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    So lots of good info here. I am in the ship repair business and have ben for a long time. Shafts are an area of constant concern for our customers given the scenario in a failure. The posts about checking alignment and the fit between prop and shaft are spot on and not to be taken for granted. My previous boat was a Sea Ray 390 and I also experienced an unexplained shaft failure. I do not attribute this to S/R as it can happen to any boat. The reality is that these shafts are under tremendous strain. Items can contact the prop without you ever knowing it. There can be suttle vibrations that go undetected. And yes, shaft material can have flaws in them that do not manifest themselves until years later and exacerbated by the aforementioned issues.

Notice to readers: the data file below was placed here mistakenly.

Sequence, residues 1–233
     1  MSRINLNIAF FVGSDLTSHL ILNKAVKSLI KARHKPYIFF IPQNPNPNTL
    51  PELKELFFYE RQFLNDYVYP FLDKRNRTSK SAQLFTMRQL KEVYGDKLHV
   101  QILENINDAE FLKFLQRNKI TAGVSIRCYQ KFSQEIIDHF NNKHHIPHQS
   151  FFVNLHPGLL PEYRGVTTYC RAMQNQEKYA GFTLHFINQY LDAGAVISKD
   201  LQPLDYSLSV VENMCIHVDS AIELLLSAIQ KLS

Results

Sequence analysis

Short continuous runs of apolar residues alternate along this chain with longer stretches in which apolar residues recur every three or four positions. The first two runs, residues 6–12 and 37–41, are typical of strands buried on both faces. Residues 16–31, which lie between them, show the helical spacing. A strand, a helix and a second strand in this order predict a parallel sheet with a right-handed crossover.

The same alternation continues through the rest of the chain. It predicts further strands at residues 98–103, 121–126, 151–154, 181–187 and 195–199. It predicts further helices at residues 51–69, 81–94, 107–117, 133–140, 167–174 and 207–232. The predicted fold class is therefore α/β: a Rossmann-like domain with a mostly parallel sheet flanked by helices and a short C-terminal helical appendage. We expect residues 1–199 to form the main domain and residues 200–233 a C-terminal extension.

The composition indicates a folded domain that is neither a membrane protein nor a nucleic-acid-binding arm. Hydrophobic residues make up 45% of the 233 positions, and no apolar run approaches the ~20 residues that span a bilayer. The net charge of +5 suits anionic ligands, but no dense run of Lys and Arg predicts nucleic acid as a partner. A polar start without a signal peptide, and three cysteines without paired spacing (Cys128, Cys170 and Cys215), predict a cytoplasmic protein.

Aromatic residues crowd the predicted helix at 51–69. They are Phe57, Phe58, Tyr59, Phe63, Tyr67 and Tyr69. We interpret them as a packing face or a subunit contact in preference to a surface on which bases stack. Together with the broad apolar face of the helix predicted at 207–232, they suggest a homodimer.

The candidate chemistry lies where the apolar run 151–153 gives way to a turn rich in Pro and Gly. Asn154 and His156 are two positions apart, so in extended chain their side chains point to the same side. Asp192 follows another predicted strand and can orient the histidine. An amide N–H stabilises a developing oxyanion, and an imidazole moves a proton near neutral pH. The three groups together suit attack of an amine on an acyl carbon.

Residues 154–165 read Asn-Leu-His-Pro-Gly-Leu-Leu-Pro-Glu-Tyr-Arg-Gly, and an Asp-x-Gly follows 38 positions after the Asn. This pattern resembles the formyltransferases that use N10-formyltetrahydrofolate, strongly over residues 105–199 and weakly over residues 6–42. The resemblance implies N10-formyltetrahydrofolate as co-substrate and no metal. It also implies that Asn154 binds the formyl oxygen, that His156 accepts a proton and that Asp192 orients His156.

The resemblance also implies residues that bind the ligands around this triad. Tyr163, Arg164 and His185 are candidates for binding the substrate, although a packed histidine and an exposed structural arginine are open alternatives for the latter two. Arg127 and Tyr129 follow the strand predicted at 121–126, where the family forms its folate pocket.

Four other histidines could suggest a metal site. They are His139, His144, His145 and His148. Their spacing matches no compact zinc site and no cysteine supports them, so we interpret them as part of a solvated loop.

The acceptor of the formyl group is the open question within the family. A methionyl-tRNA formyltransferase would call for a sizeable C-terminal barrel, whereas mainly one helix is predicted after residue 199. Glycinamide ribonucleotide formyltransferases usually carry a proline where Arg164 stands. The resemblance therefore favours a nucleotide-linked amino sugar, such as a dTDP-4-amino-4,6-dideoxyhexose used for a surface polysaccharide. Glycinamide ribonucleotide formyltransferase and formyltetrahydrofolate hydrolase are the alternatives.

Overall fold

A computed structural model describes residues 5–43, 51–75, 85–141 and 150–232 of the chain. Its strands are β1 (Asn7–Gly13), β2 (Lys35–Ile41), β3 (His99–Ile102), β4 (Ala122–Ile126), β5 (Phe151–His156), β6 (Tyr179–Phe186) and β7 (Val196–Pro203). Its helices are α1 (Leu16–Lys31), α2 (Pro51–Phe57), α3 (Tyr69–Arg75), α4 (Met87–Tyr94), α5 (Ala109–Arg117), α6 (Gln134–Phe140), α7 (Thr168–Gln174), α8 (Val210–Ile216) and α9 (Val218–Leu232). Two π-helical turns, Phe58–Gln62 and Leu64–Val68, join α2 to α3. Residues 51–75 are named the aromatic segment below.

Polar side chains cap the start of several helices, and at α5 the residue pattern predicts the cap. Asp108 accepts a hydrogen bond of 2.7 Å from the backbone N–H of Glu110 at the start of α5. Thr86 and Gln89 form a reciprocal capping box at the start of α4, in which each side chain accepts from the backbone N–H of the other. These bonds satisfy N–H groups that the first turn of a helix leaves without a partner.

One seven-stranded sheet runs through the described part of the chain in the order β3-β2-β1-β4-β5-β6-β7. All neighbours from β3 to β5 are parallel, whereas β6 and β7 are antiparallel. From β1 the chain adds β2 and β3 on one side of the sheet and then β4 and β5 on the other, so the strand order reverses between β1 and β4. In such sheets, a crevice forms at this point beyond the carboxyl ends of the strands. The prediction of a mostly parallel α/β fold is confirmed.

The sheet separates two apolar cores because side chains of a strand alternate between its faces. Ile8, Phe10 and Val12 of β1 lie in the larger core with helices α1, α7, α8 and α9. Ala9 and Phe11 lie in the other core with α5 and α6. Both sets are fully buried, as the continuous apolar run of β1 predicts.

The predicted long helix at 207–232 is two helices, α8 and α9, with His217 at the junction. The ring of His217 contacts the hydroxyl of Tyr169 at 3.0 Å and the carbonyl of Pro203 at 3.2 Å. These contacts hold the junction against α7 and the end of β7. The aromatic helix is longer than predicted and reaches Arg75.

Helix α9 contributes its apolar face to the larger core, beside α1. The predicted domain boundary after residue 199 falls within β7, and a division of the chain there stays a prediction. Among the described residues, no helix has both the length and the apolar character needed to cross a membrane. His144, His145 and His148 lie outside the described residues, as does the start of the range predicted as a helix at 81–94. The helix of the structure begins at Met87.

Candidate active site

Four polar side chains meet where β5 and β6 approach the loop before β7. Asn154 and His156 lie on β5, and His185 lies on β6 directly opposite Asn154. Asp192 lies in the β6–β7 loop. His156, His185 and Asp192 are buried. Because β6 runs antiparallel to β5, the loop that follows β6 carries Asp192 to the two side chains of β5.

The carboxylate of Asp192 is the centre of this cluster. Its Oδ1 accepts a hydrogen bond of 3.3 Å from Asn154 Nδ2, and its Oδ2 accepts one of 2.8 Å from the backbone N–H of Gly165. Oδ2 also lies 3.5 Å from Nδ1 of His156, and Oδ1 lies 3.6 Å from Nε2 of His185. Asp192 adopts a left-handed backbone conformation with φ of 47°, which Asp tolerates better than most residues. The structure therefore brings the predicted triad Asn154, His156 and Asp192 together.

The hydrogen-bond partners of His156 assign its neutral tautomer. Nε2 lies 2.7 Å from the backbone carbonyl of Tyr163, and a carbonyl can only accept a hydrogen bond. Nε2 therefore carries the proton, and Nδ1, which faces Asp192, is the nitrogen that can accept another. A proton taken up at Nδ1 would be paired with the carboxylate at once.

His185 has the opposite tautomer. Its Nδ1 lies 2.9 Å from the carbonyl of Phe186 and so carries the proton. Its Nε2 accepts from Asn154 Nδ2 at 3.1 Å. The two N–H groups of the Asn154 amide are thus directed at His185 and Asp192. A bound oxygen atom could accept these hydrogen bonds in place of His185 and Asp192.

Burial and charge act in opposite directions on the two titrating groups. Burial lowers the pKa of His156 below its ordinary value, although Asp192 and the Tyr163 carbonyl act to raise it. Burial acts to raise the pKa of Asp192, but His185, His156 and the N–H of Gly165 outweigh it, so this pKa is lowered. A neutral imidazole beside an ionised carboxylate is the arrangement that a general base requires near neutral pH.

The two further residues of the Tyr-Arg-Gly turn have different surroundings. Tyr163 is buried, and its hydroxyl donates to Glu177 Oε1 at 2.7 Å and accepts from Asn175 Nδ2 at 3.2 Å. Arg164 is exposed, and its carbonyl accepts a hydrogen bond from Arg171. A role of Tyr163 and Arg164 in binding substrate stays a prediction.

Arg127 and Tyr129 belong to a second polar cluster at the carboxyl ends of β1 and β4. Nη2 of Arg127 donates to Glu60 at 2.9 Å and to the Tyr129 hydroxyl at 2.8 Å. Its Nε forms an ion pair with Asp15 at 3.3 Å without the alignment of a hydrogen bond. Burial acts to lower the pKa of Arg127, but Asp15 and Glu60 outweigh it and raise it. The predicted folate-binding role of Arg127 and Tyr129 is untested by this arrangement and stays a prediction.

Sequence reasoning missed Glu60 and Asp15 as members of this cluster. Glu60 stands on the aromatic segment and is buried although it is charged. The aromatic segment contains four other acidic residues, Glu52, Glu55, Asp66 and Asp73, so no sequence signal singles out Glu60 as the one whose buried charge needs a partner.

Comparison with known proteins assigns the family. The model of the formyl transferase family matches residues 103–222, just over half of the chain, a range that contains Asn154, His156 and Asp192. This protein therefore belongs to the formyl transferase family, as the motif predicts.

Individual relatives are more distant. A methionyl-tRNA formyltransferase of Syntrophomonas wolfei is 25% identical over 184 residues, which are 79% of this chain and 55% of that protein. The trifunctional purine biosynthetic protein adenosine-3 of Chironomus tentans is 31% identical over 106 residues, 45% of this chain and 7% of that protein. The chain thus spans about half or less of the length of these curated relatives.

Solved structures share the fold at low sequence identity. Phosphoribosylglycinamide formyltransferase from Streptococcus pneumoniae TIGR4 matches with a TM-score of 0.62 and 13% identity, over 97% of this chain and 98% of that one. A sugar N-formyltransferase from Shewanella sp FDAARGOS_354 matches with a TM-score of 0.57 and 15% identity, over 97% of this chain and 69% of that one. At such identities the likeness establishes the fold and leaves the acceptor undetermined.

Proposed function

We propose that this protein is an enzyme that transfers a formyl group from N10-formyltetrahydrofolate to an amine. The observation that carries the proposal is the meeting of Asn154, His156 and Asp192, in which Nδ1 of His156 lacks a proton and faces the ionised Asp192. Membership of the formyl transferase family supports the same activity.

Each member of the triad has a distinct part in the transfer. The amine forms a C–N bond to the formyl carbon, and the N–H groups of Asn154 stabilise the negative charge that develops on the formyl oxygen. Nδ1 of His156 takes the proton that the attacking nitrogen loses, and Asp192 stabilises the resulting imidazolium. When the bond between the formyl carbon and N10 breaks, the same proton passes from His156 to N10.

The best way to prevent unexpected failure is to check the running gear even if you are not aware of a problem. Check alignment, inspect cutlass bearings, do a blue fit on the props each time you pull them and I recommend a simple Non Destructive Test (NDT) of the shafts using dye penetrant and developer to look for signs of cracks or inclusions. This should be done especially where the shaft begins it's taper (weakest point) and around the key way. Here's a few pictures of my shafts being NDT'd.

    Attached Files:

  5. PacBlue

    PacBlue Senior Member

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    Then why bring in off topic issues as you are doing below, what do they have to do with the OP's topic?

    Have seen this program first hand. The number of repaired hulls versus the tens of thousands of larger sized hulls that SR has built over the years is a pretty small %.